Product Warning Labels and Protection Against Liability Lawsuits
We have all purchased a new consumer product with several labels, stickers, and product inserts containing warnings, disclaimers and oversimplified directions. The warnings can actually be humorous at times as illustrated in the following examples:
· On Sears hair dryer: Do not use while sleeping
· On Marks & Spencer Bread Pudding: Product will be hot
· On Rowenta Iron: Do not iron clothes on body.
· On Nytol (a sleep aid): Warning: May cause drowsiness.
· On a Swedish chainsaw: Do no attempt to stop chainsaw
with your hands.
Obviously, with a little common sense, your average consumer can avoid the injuries that the above statements are attempting to warn against. One can argue that these warnings provide protection to the manufacturers against lawsuits based upon personal injury.
There are many infamous cases where damages were awarded to consumers due to a personal injury resulting from what is claimed to be negligence, failure to warn or a product defect. According to public opinion, some of these lawsuits are frivolous and are causing the decline of our civil justice system. An examination of cases against tobacco companies will provide us with some conflicting information regarding product warning labels. Do they provide manufacturers with adequate protection against this type of lawsuit?
By law, product manufacturers are responsible to give a reasonable warning when the product they manufacture poses a foreseeable risk of injury or harm. Courts use the following factors to consider a manufacturer's duty to warn: "the magnitude or severity of the likely harm, the ease or difficulty of providing an appropriate warning, and the likely effectiveness of a warning" (Mallor, etal. 377) in addition to the manufacturer's ability to reasonably foresee the risk.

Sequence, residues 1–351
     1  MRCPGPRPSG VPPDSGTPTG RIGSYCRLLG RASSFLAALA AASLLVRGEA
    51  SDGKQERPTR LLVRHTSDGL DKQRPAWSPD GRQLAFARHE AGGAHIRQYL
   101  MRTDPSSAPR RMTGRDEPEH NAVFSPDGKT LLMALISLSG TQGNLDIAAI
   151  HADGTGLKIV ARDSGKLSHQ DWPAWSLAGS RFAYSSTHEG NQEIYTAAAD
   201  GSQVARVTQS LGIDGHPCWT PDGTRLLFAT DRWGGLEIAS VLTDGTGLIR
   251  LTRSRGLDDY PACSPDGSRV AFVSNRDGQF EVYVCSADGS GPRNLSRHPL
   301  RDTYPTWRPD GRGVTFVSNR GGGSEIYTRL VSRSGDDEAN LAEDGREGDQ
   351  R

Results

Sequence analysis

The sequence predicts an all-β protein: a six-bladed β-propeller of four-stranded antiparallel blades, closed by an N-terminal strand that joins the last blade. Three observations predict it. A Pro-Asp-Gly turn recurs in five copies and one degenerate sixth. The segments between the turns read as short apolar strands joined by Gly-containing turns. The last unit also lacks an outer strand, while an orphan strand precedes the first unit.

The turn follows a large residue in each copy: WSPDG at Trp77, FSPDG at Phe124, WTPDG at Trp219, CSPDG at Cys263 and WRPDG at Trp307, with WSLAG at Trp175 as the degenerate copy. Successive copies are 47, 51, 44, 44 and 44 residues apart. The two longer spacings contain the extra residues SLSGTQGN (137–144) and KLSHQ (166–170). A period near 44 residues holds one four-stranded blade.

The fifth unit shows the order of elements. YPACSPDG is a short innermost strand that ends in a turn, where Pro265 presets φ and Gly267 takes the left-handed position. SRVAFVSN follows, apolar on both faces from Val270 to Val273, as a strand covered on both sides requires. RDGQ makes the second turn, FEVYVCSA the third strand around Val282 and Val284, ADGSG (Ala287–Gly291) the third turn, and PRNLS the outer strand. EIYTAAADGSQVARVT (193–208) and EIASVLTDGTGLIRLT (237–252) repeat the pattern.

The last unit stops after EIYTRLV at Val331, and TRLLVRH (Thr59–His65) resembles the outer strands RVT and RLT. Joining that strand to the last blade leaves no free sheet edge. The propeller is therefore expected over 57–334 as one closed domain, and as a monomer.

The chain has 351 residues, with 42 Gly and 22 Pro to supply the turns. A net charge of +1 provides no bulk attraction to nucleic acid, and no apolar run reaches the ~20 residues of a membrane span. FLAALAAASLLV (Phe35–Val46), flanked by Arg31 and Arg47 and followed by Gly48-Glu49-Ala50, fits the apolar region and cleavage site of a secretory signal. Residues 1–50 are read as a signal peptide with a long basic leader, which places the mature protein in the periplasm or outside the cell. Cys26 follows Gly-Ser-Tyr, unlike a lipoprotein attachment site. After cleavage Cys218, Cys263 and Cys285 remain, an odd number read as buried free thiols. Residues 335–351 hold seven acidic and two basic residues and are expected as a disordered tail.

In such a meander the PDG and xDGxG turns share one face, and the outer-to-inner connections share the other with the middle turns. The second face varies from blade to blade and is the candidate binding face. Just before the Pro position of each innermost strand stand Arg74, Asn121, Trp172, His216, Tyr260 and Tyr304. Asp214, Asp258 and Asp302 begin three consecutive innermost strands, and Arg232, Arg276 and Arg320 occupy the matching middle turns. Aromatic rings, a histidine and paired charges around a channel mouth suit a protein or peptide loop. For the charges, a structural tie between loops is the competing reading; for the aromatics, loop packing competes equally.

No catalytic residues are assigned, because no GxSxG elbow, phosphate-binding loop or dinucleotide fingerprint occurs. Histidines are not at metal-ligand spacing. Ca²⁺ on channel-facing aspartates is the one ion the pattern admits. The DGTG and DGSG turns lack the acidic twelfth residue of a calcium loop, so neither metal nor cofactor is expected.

Are people drying their hair while sleeping or ironing clothes while wearing them foreseeable risks? As lawsuits become more outrageous, so do the warnings and there is an outcry for reform in our civil justice system to minimize frivolous lawsuits. According to a poll conducted by Nation's Business magazine (February, 1998) 2/3 of the businesses that responded had been named as defendants in product liability lawsuits. An overwhelming majority felt that frivolous lawsuits are definitely a problem and that "people who file lawsuits (should) pay the defendant's legal fees if they lose". Eighty percent were in favor of a "federal law being enacted to supersede conflicting state laws on the liability of a company if someone using it's product is injured".
Courts use a risk/utility analysis to determine whether the risks associated with certain inherently unsafe products are reasonable. To make the determination, courts weigh the availability of safer alternatives and whether the risks of using the product outweigh that...